The Clinton Herald, Clinton, Iowa

National News

November 8, 2012

10 Things to Know for Thursday

CLINTON — Your daily look at late-breaking news, upcoming events and the stories that will be talked about today.

1. AFTER ELECTION, OBAMA AND GOP LAY DOWN MARKERS FOR DEFICIT DEAL

The White House says voters want both sides to set aside partisan interests as Boehner hints at accepting some form of higher tax revenue.

2. HOW OBAMA'S FOREIGN POLICY COULD CHANGE IN HIS SECOND TERM

The president has a freer hand to deal with Syria, Iran and China but first he has to select a new team to implement his agenda.

3. NEW STORM BRINGS SNOW TO NORTHEAST

Tens of thousands lose power as Sandy-ravaged areas dig out from nor'easter.

4. WHAT THE CHINESE PRESIDENT TOLD HIS COUNTRY'S COMMUNIST CONGRESS

Hu Jintao urges party members to curb graft but keep firm political control as he prepares to hand off power to successor.

5. GIFFORDS SHOOTER TO BE SENTENCED

Plea-bargain will ensure that the man who shot the Arizona congresswoman and 17 others will spend the rest of his life in prison.

6. ARGENTINES PREPARE FOR HUGE ANTI-GOVERNMENT MARCH

Pot-banging demonstrators will voice their concerns in Buenos Aires and plazas around the nation.

7. WHERE SCIENTOLOGY DOESN'T SET OFF ALARMS

A newly-opened headquarters for the movement has caused little controversy in Israel.

8. MARIJUANA VOTES SET UP SHOWDOWN WITH FEDS

And a fight is exactly what pot proponents in Colorado and Washington say they want.

9. RISING TIDE OF VIOLENCE TARGETS PAKISTANI HINDUS

The long-suffering minority faces increased physical attacks, forced conversions and discrimination.

10. THE COMPROMISE APPLE MADE ON THE IPAD MINI

AP technology writer Peter Svensson says the screen quality on the smaller tablet is a letdown.

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National News
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    Police in West Virginia say a man claiming to be a “warlock” used promises of magical spells to lure children into committing sexual acts with him.

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  • The top 12 government programs ever

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  • Courthouse violence unpredictable despite security

    When Utah's new federal courthouse opened last week, it came with security improvements that are becoming standard around the country: separate entrances and elevators for judges, defendants and the public; bullet-resistant glass and paneling; and vehicle barricades to keep car bombs at bay.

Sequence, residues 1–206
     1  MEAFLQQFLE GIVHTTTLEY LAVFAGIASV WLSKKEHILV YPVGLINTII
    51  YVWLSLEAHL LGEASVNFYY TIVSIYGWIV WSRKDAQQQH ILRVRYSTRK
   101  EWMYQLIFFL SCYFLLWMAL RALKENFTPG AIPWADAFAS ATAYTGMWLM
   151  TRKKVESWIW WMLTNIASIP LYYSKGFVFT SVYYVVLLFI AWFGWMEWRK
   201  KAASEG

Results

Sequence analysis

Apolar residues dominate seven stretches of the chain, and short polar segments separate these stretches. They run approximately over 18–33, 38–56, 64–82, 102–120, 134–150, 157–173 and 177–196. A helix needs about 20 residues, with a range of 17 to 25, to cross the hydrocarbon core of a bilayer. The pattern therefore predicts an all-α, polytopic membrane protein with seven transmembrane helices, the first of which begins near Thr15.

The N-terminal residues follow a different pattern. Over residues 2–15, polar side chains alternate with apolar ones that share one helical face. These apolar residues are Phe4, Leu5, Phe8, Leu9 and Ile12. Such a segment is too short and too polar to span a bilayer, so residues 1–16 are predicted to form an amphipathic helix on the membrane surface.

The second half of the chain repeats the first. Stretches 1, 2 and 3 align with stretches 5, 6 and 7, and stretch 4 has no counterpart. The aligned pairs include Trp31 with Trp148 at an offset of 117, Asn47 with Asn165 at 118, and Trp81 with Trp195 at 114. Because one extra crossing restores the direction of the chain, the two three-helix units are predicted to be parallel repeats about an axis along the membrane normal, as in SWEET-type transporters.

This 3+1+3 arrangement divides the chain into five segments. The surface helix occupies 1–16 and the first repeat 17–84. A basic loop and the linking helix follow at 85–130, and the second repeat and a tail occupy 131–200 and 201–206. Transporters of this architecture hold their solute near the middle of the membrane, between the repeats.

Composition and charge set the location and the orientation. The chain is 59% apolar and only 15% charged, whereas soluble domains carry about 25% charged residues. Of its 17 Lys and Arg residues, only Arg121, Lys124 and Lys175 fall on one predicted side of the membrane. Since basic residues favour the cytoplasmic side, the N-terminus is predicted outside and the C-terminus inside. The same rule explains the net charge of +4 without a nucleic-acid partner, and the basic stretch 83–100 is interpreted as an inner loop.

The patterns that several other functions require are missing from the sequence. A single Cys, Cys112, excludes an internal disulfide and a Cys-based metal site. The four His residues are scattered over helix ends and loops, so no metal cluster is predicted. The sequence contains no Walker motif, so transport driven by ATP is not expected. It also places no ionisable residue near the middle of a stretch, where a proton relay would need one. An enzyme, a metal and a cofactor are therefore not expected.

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  • McCain 1 House Republicans are more active on Twitter than Democrats

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  • Stowaway teen forces review of airport security

    A 16-year-old boy scrambled over an airport fence, crossed a tarmac and climbed into a jetliner's wheel well, then flew for five freezing hours to Hawaii — a misadventure that forced authorities to take a hard look at the security system that protects the nation's airline fleet.

    The boy, who lives in Santa Clara, Calif., hopped out of the wheel well of a Boeing 767 on the Maui airport tarmac Sunday. Authorities found the high school student wandering the airport grounds with no identification. He was questioned by the FBI and taken by ambulance to a hospital, where he was found to be unharmed.

    April 21, 2014

  • Can Hillary Clinton rock the cradle and the world?

    What's most interesting to contemplate is the effect becoming a grandmother will have on Hillary's ambition. It's one of life's unfairnesses that a woman's peak career years often coincide with her peak childbearing years.

    April 21, 2014

  • Court to hear dispute over Internet TV broadcasts

    Thirty years after failing to convince the Supreme Court of the threat posed by home video recordings, big media companies are back and now trying to rein in another technological innovation they say threatens their financial well-being.

    The battle has moved out of viewers' living rooms, where Americans once marveled at their ability to pop a cassette into a recorder and capture their favorite programs or the sporting event they wouldn't be home to see.

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  • USDA establishes rural business investment program

    The U.S. Department of Agriculture announced Monday a new $150 million program designed to provide investment capital to help small agriculture-related business in rural areas with cash needed to expand.

    Secretary of Agriculture Tom Vilsack announced in Cedar Rapids the formation of the first Rural Business Investment Company, a for-profit firm licensed by the USDA to invest in businesses that otherwise might not have the capital to increase business opportunities.

    April 21, 2014

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